Amateur? I think not…

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This is simply marvellous. The guy can play neither drums nor piano but he’s a mean video editor.

Apparently, he did the clip to demonstrate his editing skills. Within two weeks he gets a couple of hundred thousands hits and counting. That’s what I call distribution in the networked world.

The only sensible copyright notice

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Woody Guthrie’s copyright notice, as published in a 1930s songbook:

This song is Copyrighted in U.S., under Seal of Copyright 154085, for a period of 28 years, and anybody caught singin it without our permission, will be mighty good friends of ourn, cause we don’t give a dern. Publish it. Write it. Sing it. Swing to it. Yodel it. We wrote it, that’s all we wanted to do.

via JP

Easter Vigil

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The local church of St Thomas More has risen to the occasion and the Easter Vigil was… both spectacular and cosy. The music and the choir made for the former and congregation that didn’t quite fill up the church for the latter. This is because many people from the area leave for their country estates, I imagine, and so the rest of us have more room left. This is a good thing as I used to spend hours waiting in front of the Westminster Cathedral (not to be confused with the Westminster Abbey) to get a seat at all.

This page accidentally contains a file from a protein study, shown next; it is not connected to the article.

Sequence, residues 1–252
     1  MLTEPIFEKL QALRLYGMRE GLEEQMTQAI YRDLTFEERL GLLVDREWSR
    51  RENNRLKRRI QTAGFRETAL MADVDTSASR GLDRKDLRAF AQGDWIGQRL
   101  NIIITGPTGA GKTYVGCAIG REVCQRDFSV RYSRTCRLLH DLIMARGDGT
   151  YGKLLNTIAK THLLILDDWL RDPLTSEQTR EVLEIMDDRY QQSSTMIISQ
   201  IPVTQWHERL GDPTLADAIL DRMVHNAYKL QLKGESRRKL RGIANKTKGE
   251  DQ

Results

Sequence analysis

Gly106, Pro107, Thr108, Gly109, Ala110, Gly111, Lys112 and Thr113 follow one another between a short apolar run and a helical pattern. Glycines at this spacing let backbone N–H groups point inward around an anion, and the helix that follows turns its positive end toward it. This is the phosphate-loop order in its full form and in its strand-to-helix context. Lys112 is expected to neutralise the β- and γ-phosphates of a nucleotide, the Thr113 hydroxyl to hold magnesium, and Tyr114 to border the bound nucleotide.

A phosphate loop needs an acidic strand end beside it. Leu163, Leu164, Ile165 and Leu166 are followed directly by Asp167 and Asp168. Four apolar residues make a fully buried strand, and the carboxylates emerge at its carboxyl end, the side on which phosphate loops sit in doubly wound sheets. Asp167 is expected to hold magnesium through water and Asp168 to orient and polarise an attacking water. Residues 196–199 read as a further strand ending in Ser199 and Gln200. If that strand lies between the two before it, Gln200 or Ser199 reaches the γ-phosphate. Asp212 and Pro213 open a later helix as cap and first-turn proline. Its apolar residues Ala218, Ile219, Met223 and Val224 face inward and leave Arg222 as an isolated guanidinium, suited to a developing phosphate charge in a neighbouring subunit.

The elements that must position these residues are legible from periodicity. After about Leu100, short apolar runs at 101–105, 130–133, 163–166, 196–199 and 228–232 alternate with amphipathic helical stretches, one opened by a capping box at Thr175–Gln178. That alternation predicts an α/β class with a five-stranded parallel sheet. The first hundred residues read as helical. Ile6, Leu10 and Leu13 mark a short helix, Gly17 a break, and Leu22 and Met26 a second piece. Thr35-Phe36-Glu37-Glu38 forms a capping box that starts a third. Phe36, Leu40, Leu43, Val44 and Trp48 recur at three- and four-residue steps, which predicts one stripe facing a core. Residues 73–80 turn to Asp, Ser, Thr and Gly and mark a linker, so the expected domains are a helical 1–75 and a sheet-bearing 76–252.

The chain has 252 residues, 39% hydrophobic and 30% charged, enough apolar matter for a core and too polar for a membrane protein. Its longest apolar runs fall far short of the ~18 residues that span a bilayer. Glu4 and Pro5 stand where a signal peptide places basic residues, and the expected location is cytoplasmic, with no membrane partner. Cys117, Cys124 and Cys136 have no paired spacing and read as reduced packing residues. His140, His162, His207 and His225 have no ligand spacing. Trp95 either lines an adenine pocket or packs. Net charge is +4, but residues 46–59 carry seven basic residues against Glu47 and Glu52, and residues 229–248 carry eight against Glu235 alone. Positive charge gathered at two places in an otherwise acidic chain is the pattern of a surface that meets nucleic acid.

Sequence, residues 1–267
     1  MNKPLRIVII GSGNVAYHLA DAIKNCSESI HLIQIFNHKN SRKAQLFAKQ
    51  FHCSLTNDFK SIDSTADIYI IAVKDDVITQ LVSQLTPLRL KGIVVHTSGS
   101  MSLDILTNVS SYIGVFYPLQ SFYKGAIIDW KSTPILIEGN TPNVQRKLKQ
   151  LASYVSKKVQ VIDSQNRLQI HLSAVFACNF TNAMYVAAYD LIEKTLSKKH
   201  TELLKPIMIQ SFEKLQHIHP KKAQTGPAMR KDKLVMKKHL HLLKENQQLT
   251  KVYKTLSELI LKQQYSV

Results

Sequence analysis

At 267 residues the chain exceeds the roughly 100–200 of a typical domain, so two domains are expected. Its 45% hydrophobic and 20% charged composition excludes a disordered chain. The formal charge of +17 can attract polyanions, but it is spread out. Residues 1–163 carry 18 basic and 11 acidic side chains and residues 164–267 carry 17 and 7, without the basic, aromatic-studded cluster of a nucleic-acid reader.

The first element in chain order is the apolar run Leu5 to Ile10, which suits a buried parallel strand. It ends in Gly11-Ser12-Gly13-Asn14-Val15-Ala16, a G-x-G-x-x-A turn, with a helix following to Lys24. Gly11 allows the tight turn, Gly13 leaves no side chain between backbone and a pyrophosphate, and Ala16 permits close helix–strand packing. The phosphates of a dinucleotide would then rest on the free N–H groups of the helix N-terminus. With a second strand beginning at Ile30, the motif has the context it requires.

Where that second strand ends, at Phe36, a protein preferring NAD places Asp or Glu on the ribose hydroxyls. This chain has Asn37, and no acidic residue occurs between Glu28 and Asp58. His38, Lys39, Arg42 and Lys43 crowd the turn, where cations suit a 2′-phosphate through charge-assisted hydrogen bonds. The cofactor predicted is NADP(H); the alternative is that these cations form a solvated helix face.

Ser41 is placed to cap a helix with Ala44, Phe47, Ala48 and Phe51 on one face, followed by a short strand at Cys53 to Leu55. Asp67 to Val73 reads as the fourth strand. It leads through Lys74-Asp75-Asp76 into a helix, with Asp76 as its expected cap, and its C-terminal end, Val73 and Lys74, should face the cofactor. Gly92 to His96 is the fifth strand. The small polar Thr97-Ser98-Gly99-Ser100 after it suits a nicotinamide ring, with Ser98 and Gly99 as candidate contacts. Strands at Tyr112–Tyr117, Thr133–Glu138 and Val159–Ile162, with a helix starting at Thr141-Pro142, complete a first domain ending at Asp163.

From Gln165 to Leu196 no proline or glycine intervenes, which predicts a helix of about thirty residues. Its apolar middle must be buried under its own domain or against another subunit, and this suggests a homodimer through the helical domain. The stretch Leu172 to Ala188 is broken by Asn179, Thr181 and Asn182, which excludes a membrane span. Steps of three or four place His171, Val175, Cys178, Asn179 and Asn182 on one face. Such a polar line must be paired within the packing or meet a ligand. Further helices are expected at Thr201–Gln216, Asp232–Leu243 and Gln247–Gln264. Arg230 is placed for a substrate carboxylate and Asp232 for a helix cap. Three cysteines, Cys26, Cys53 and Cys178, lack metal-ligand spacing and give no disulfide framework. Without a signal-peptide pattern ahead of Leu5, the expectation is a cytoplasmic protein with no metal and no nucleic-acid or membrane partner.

The first part of the Easter Vigil is the Service of Light, with blessing of the fire and lighting of the Paschal candle. This happens in a complete darkness, with only the fire illuminating the church and the words the priest reads out. There is something primeval about the naked flame burning boldly in the most civilised of surroundings. The fire is then shared by all – it is magical to watch the tiny flames jumping from candle to candle as everyone lights their own. A perfect setting for intoning of the Exsultet.

There was another beautiful piece of music, a psalm:

Sicut cervus desiderat ad fontes aquarum, ita desiderat anima mea ad te, Deus.

As the deer longs for streams of living water, so my soul longs for you, my God.

The choir sung the Latin version, set to music by Palestrina.